Which Joe gave his name to ‘sloppy joes’? We look at five interesting sandwiches and their lexical origins.
1The confining of prisoners to their cells, typically after an escape or to regain control during a riot.
- ‘Some were held in lockdowns for 23 hours a day, and then taken from their cells bound in handcuffs, leg irons and waist chains.’
- ‘In lockdown it is not physically possible to have sex with anyone other than your celly.’
- ‘She ripped out the spoon, and tried to run for the door, but somebody had put the whole prison in lockdown.’
- ‘This final act of defiance precipitated a lockdown of the entire Texas state prison system.’
- ‘Though he has no criminal record, murderers and junkies and 23-hour lockdowns became part of his life.’
- ‘In 2 men cell lockdown the only person that you can fight with is your celly.’
- ‘Outside of lockdown, captives are warehoused like cattle.’
- ‘Administrators responded with an institution lockdown, confining all prisoners to their cells.’
- ‘More than 100 prisoners were placed on lockdown for the rest of the day following protest early last Monday morning.’
- ‘Inmates in three California prisons are being kept in their cells on 24-hour-a-day lockdowns to save money on overtime pay for guards.’
- ‘Furthermore, they are typically barred from areas where ministry is most needed: maximum security prisons, solitary confinement blocks, and twenty-three-hour lockdowns.’
- ‘But survivors occasionally breached the lockdown and came to the fence to tell their stories, each one astonishing.’
- ‘Luckily the prisoners where all in lockdown at the moment so they could keep the casualties down to a minimum.’
- 1.1 A state of isolation or restricted access instituted as a security measure.‘the university is on lockdown and nobody has been able to leave’
- ‘But these schools have been on lockdown the past few days anyway; they took no extra precaution.’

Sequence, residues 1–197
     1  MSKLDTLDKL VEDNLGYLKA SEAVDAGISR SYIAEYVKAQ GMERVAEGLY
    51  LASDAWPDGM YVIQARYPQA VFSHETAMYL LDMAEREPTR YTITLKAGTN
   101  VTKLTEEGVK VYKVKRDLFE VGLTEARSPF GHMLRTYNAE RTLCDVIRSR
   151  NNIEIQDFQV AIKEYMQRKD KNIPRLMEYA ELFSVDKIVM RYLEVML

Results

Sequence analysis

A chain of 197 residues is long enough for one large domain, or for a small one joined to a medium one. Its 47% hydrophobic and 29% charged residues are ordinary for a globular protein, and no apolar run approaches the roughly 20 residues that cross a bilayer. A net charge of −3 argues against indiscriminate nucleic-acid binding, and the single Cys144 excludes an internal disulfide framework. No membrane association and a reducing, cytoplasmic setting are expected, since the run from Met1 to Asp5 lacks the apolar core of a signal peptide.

- ‘But firms insist that they are working through the lockdowns.’
- ‘Israeli officials said the lockdown was necessary to stop the movement of Hizbullah weapons around Lebanon.’
- ‘Finally, we were let off lockdown later in the afternoon.’
- ‘They can impose lockdowns immediately, by force if necessary.’
- ‘The lockdown was lifted a few hours later.’
- ‘A lockdown has now been lifted at Saint Peter's College in New Jersey.’
- ‘Read all about the Linkin Park lockdown.’
- ‘But even though Times Square was under lockdown for a couple of hours this morning, we are happy to report that traffic is once again flowing.’
- ‘A lock-down has banned the movement of citrus plants, fruit and equipment outside the Emerald, Peak Downs, and Bauhinia shires.’
- ‘Harding High School, about two blocks east of the crime scene, was placed on lockdown for a short period in the morning.’
- ‘But, again, the college is still on lockdown.’
- ‘Anti-government protests which spread from Tibet into western provinces are under control, the Chinese government said yesterday, as much of the region remained in lockdown.’
- ‘They had us on lockdown.’
- ‘Authorities responded by putting the entire city in lockdown.’
- ‘There remains a lockdown for Building 44, where the situation is developing.’
- ‘A security lockdown tantamount to a state of emergency prevailed in the German city of Mainz on Rhine on Wednesday, February 23.’
- ‘Also, here's a good reason for being on lockdown.’
- ‘Security officials then put the nuclear station on lockdown.’
- ‘Schools were put in lockdown, and students sent home early.’
We take a look at several popular, though confusing, punctuation marks.
From Afghanistan to Zimbabwe, discover surprising and intriguing language facts from around the globe.
The definitions of ‘buddy’ and ‘bro’ in the OED have recently been revised. We explore their history and increase in popularity.